NOvA project construction moves forward
By far the largest single recipient of stimulus funds within the College of Science and Engineering is the NuMI Off-Axis Electron Neutrino Appearance (NOvA) detector facility, a state-of-the-art laboratory for investigating the role played by sub-atomic particles called neutrinos in the origins of the universe.
Ground was broken on the new facility near the Ash River in northern Minnesota in May 2009. Since then, the blasting work necessary for the massive 50-foot deep detector area has been completed, and construction has begun on other aspects of the project, which will be ready for preliminary business in spring 2011, said Bill Miller, laboratory supervisor. By the following summer, said Miller, "we'll have a completed detector."
Eventually, a neutrino beam from Illinois' Fermi Lab will be directed to the NOvA site straight through the Earth, a nearly 500-mile journey, which will take less than three milliseconds. The project will help scientists answer questions about the neutrino's unique role as an elementary particle that may be simultaneously matter and antimatter.
Miller says that stimulus funds have put the project on a faster track than might otherwise have been expected. "We received much more money up front," he notes. "This allowed us to shorten the time schedule it took to get the building ready since the site prep and building work could all happen at the same time."
The NOvA project is intended to advance our understanding of the nature of matter itself, but the more than $40 million of stimulus money that it has brought to the University will also address some very practical economic concerns as well. In addition to involving scientific staff from some 28 institutions, NOvA will bring new jobs to the local economy of rural northern Minnesota. "Construction of the facility," said Miller "is expected to generate 60 to 80 jobs plus purchases of materials and services from U.S. companies." That's in addition to local staff that will be hired to maintain the facility and the 150 student jobs that are expected to be created by producing the 12,000 extruded PVC modules—each weighing a thousand pounds—that will be shipped to Ash River, glued together, and filled with scintillator oil, which is the actual medium used to track the progress of the elusive neutrinos.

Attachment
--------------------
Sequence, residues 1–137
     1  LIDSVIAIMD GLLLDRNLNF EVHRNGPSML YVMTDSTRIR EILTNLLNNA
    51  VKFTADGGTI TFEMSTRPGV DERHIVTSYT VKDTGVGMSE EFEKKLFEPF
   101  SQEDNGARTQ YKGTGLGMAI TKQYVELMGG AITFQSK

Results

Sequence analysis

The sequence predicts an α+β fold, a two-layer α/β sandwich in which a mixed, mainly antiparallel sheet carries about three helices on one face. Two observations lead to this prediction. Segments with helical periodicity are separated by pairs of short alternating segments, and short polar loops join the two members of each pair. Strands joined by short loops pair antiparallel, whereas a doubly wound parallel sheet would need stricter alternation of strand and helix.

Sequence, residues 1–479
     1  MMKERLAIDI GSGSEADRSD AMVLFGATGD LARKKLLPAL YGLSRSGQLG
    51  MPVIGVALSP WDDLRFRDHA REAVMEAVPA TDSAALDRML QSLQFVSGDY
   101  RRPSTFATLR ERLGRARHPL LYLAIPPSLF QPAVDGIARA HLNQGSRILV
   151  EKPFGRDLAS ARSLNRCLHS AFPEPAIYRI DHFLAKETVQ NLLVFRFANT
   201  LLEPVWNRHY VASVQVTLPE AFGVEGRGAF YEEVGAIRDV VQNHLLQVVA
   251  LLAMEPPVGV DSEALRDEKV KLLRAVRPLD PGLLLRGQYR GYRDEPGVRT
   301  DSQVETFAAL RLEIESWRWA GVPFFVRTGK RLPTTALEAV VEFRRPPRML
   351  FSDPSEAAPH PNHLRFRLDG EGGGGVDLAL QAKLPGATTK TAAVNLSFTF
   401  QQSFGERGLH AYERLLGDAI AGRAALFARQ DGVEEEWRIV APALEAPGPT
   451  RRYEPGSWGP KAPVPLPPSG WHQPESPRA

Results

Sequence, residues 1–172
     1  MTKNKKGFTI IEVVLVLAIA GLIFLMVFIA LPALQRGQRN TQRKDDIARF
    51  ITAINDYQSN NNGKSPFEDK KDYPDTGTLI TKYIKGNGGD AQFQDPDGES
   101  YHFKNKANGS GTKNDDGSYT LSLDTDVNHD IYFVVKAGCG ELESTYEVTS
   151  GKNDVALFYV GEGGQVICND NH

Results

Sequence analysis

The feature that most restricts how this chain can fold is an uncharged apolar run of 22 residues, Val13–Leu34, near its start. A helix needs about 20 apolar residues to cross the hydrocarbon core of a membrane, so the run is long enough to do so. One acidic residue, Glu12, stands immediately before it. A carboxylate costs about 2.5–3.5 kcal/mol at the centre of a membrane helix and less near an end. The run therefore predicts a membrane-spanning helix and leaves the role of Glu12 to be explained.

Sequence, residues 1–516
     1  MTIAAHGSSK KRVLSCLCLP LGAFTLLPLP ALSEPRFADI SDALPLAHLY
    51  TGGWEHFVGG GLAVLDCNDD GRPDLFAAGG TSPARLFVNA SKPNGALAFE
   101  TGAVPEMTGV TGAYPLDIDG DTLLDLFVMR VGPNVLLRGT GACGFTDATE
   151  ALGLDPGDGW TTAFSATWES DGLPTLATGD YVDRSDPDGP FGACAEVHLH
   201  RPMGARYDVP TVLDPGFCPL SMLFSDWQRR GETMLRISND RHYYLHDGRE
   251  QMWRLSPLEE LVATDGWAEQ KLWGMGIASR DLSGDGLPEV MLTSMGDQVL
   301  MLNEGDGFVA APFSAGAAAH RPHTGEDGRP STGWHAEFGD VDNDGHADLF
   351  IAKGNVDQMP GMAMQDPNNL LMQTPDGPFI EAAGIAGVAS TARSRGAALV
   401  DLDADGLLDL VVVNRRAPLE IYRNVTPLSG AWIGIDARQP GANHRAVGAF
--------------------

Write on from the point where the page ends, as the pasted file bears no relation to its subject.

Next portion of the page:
Stimulus to the economy is desirable, of course, but the chief payoff of the project will always be scientific. "Our main goal," said Marvin Marshak, University professor of physics, "is to understand the matter/antimatter asymmetry in the universe." He adds, "The thing about basic research is that most of what gets done has little practical application. But, on the other hand, the economic impact of things that do have practical application is so major...but only in retrospect do we recognize it."